Visiting Georgia

Torn between a city break in Budapest and a backpacking adventure around Northern India? Why not get the best of both worlds by visiting a country where Europe meets Asia – Georgia

Feature by Rachael Hood | 30 Sep 2019
  • Zhinvali water reservoir

In an era where the West feels almost as turbulent as the East, there seems little reason to restrict your holiday destination shortlist to those familiar hotspots we all know and love. Once upon a time, you may have ruled out Eurasia to avoid the USSR, or indeed the unrest that continued in the newly-formed countries. But in many parts of Georgia – which sits between Turkey, Russia, Armenia and Azerbaijan – this feels like a distant memory. Why, we hear you ask? You’re about to find out. 

It hasn’t been tainted by mass tourism (yet)
Aside from taxis driving up beside you every now and again to offer a lift, there’s very little hassle. You’re given space to explore at your own pace. The people are genuinely friendly, thrilled that out of all the places in the world you could have chosen to go on holiday, you selected their home.

It's very affordable
If you do your research, you can fly for much cheaper than you may think. Wizz Air offers direct flights from London Luton to Kutaisi (Georgia's second city) for less than £100 return. Yes, going via London is annoying, and yes, it always becomes more expensive when you factor in train fares, airport transfers and extravagant picnics to keep you entertained, but you can always make an event of it. Once you land, transport, food and accommodation are all pleasantly inexpensive. You can stay in a swanky hotel for the same price as a hostel bed in London, so depending on how you like to travel, you could really treat yourself!

The food and drink is delicious 
If you love bread, cheese and butter, you’ll be in your element. Khachapuri is Georgia’s answer to pizza – it’s messy and filling and downright delicious. From street vendors to luxurious restaurants, you’ll find it everywhere you go. There are variations originating from different regions of the country, but you can’t go without trying the Adjarian khachapuri, which is in the shape of a boat and holds a puddle of melted cheese, butter and a raw egg on top. It’s not all so outrageous though, with walnuts, aubergine, dumplings and bean stews also being staples. Georgia is also one of the oldest wine regions in the world, and they’re good at it too. If you like the idea of a wine tasting trip without breaking the bank, take a look at what's on offer from Tbilisi.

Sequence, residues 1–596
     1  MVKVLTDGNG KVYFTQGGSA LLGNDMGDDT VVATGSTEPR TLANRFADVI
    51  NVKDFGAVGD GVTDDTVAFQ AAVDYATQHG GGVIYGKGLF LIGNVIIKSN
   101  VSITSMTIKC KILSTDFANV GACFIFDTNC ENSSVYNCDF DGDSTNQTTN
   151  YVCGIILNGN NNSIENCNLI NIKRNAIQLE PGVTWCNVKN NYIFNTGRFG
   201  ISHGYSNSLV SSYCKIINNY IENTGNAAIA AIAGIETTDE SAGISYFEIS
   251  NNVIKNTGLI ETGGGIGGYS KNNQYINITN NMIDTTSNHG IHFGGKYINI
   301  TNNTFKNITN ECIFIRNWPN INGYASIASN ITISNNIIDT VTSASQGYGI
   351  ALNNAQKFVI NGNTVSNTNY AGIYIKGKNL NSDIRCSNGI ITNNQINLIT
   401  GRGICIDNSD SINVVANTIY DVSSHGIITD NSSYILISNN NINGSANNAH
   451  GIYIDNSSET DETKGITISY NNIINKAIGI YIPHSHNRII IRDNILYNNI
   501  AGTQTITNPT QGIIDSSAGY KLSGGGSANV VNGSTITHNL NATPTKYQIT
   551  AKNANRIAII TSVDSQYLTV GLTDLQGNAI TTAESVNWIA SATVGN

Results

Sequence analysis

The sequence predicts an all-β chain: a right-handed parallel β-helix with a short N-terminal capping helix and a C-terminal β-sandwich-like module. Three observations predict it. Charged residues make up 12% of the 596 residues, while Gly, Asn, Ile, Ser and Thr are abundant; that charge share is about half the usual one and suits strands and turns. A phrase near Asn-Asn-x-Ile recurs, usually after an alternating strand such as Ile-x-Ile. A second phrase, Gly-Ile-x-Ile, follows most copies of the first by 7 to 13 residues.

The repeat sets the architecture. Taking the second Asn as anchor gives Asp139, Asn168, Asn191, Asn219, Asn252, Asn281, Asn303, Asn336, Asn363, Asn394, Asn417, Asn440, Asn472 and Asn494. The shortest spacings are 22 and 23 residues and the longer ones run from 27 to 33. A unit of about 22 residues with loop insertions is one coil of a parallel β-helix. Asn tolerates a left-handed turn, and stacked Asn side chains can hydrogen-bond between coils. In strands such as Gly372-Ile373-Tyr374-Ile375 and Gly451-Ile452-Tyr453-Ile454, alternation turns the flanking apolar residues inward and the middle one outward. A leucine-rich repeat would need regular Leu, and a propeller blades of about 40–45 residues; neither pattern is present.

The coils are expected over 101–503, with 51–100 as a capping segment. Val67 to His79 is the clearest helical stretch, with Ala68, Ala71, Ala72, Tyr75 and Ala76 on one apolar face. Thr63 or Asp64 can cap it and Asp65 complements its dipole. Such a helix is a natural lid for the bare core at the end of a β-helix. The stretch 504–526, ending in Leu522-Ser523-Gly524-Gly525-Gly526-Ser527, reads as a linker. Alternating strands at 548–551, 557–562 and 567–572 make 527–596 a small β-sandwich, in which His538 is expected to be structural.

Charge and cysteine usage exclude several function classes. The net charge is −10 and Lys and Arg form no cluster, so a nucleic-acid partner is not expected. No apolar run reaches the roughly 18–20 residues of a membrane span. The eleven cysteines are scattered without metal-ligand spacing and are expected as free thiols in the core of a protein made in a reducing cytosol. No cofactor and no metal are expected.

It feels safe 
No one seems interested in your possessions and even on the overcrowded metros in Tbilisi, fear of being robbed isn’t necessary. There's no need to hide money in your sweaty sock and strap passports to your chest, but be sensible with your belongings like you would be everywhere else. Men sometimes stare, but not enough to make it noteworthy. The only thing to watch out for is reckless driving. Georgian rules on overtaking, especially while going around bends at 80mph, seem wildly different from Britain’s highway code. 

There's plenty of adventuring to do
The Caucasus Mountains stretch from the Black Sea to the Caspian Sea – which, fun fact, is actually a lake – across the northern half of Georgia. The most well-known jumping point into the mountain range is Stepantsminda (formerly known as Kazbegi). The picturesque town is situated in a valley more than 5,000 feet above sea level. The altitude isn’t the only thing that will take your breath away; the snow-covered peak of Mount Kazbek is otherworldly and the hilltop Tsminda Sameba Church, towering over the town, makes the view that bit more special. The area offers varying lengths of hiking opportunities and mountain biking is readily available too. 

If you’re not after a limit-pushing adventure while on holiday but fancy spending time in nature, there are multiple national parks across Georgia. Mtirala National Park is a stone's throw from the Black Sea resort of Batumi. As you drive into the park, the trees become bigger, the road becomes narrower and the huts selling honey become fewer and far between. 

It's unpredictable
The North of Georgia feels less European and more in line with somewhere like the Himalayan regions of India in terms of the buildings, level of development and landscape, while areas of Tbilisi ooze high fashion with ultra modern shops, galleries and young professionals. There are moments where the two collide, presenting some unexpected delights. In a beautiful rooftop cafe that overlooks the city, for example, the toilet might be a hole in the ground or you could be in a relatively urban area when you spot a woman herding cattle across the road.